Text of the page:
Wednesday, April 12, 2006


George Packer has a long piece on Iraq in the April 10, 2006, New Yorker, in which he describes a US military unwilling, unable, and in deep denial about applying basic principles of counterinsurgency for the duration of the war -- mainly, Packer asserts quite convincingly, because Pentagon leadership, under the masterful guiding hand of Donald Rumsfeld, didn't want to admit that they actually faced an insurgency.

The human face for the article is Col. H. R. McMaster, commander of the 3rd Armored Cavalry, a West Point graduate who earned a Silver Star in the 1991 Gulf War. His regiment, according to Packer, "greatly reduced the violence" in Tal Afar using counterinsurgency techniques, which consisted, in large measure, of not treating the locals like hostiles: "When we first got here, we made a lot of mistakes. We were like blind men, trying to do the right thing without breaking a lot of things.... You gotta come in with your ears open. You can't come in and start talking. You really have to listen to people." In Packer's words, "The classic doctrine, which was developed by the British in Malaya in the nineteen-forties and fifties, says that counterinsurgency warfare is twenty per cent military and eighty per cent political."

McMaster earned a doctorate in history after the first Gulf War. His dissertation, which raised quite a few very powerful eyebrows, was titled, "Dereliction of Duty: Lyndon Johnson, Robert McNamara, the Joint Chiefs of Staff, and the Lies that Led to Vietnam." Says Packer,
The book assembled a damning case against senior military leaders for failing to speak their minds when, in the early years of the war, they disagreed with Pentagon policies. The Joint Chiefs of Staff, knowing that Johnson and MacNamara wanted uncritical support rather than honest advice, and eager to protect their careers, went along with official lies and a split-the-difference strategy of gradual escalation that none of them thought could work.
The guest on this morning's Diane Rehm Show was Gen. Anthony Zinni, former Commander in Chief of CENTCOM (1997-2000), plugging his book The Battle for Peace. He added a detail about McMaster that made my ears perk up:
Rehm: All right, and here's [an email] from Ken, who says 'Our generals and admirals are certainly subject to civilian control, but must be expected to speak out -- even if it costs them -- when there is so much at stake. The current crowd around the Defense Secretary look and act like a bunch of whipped dogs. It's frankly disheartening. What can be done to straighten out some general officers' spines?' First of all, do you agree with that?"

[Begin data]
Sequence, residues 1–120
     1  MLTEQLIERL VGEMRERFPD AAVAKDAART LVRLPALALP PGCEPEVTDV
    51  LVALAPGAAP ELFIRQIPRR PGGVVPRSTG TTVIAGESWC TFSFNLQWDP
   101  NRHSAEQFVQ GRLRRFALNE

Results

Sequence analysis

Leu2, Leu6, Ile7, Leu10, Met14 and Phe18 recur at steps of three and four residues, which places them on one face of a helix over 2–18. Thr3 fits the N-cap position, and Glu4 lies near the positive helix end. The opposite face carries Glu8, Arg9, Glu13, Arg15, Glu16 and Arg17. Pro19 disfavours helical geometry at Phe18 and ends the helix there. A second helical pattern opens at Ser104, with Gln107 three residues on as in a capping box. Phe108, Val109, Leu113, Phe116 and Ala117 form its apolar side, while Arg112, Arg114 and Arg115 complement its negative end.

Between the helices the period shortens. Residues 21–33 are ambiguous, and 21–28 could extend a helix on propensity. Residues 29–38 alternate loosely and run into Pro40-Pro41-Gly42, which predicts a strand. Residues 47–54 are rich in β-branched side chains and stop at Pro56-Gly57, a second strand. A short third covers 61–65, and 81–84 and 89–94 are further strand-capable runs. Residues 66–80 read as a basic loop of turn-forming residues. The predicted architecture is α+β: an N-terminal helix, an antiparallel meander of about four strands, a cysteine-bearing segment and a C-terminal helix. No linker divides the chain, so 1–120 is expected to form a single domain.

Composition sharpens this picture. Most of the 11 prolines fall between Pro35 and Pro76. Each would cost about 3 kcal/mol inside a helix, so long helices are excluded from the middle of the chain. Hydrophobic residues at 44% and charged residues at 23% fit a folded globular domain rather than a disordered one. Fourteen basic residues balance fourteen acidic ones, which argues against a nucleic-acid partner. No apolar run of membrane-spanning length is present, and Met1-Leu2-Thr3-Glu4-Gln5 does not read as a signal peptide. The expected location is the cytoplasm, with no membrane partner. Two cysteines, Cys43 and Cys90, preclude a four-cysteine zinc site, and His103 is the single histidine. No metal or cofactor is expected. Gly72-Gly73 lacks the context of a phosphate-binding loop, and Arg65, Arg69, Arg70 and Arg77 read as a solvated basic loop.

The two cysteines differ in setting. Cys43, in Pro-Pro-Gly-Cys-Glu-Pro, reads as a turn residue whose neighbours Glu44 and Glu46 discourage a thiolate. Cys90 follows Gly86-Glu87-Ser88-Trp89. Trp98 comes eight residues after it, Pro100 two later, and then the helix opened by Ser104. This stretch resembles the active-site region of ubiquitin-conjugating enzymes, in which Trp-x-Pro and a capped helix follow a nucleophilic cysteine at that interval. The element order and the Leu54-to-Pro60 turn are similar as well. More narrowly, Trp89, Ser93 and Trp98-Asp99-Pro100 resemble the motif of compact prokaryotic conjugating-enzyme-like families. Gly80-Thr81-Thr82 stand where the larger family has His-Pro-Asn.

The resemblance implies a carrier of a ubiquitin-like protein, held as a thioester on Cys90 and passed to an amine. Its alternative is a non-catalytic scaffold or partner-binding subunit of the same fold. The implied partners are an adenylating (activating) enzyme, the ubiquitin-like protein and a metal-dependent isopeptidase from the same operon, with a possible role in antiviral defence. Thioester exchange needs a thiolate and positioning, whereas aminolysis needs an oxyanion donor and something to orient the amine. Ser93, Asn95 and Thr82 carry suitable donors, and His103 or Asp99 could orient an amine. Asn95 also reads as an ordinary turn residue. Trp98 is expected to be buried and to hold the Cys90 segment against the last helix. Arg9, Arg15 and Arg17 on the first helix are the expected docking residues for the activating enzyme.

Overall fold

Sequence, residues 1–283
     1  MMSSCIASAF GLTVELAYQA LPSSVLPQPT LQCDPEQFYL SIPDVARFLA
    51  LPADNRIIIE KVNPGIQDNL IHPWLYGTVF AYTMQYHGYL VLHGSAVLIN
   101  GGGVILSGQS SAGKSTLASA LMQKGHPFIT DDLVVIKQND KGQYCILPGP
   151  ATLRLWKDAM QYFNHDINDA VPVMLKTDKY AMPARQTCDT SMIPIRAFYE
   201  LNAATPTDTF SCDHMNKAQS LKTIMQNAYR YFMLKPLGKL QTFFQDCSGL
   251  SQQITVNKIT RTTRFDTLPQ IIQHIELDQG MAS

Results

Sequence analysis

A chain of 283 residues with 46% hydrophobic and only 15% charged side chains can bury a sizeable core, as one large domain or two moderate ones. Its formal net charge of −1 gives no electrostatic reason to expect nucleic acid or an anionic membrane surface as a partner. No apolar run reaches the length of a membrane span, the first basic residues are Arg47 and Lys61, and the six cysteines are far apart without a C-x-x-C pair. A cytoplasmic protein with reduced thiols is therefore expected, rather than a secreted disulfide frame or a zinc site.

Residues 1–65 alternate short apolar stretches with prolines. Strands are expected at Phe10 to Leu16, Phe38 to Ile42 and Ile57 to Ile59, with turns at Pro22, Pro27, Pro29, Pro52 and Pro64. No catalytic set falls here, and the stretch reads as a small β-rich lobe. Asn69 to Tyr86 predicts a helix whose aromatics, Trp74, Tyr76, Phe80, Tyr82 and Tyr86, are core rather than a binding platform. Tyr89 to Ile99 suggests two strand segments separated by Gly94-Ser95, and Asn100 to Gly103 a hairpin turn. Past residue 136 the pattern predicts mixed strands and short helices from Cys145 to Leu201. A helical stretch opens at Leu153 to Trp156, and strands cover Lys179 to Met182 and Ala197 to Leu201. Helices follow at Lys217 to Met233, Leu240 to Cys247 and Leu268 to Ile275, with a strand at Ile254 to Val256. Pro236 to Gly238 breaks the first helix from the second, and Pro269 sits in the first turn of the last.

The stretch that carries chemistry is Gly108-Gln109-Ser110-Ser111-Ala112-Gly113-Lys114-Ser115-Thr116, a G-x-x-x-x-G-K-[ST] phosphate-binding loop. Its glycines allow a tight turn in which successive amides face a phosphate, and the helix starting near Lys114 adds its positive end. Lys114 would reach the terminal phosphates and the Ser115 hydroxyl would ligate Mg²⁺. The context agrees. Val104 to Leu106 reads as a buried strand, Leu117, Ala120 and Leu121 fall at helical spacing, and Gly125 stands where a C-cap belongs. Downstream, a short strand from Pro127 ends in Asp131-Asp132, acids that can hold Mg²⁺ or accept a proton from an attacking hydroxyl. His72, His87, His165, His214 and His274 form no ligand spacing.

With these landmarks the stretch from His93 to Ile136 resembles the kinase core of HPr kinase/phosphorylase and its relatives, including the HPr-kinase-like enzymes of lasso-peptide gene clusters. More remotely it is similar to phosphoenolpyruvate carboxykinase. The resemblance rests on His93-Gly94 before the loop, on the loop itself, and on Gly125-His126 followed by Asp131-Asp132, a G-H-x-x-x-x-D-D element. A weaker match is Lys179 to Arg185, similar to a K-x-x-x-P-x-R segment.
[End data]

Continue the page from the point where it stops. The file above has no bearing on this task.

Zinni: Uh, no, not exactly, and I'm not going to criticize people that are making decisions, and I'm not part of the process to understand it -- but I will say this. When I was a four-star general, our Chairman of the Joint Chiefs of Staff, General Shelton, sent us a book -- seventeen four-stars -- sent us a book entitled Dereliction of Duty. It was written by a young Army officer and it was the story of how the Joint Chiefs of Staff and other senior generals kept silent during Vietnam when they knew the conduct of the war was not being done in a militarily sound way. And later they regretted that silence, they kept quiet. That book was given to us to read, we were called to Washington and at a breakfast we had young Major McMaster, who wrote the book -- now a fine colonel in the Army -- and he described what went on. General Shelton in a very angry way, said that that will never happen with this group while I'm here as Chairman. If you feel strongly about something, you come to me or you go directly to the Secretary of Defense. You express your honest views to Congress when called on.


KevinHayden said...

And after you express your honest views, you get canned, your wife gets outed as a spy, and they close the local VA hospital. Then Bill O'Reilly calls you a traitor and a wuss, while touching himself.

Arvin Hill said...

It beats an IED going off under your Hummer -- or anyone else's Hummer, for that matter.

Neddie, a short while ago you posted Phil Ochs' lyrics to We Ain't Marchin' Anymore.

Since then, Ochs' "Outside of a Small Circle of Friends" is a recurring song in my head. As you very likely know, its lyrics bite & indict:

Look outside the window,
there's a woman being grabbed
They've dragged her to the bushes
and now she's being stabbed
Maybe we should call the cops
and try to stop the pain
But Monopoly is so much fun,
I'd hate to blow the game

And I'm sure it wouldn't interest anybody

Outside of a small circle of friends.

The song, of course, was written about the murder of Kitty Genovese some 42 years ago. Her screams went ignored as she was stabbed to death, and, as my friend Jonathan Versen reminded me recently, "The phenomenon of bystander effect has come to be forever associated with her name since."

All one has to do is look at The Pentagon to see that the bystander effect is no less infrequent or tragic today. It would seem to be a pre-requisite for employment among those who toil deepest in the bowels of The Machine.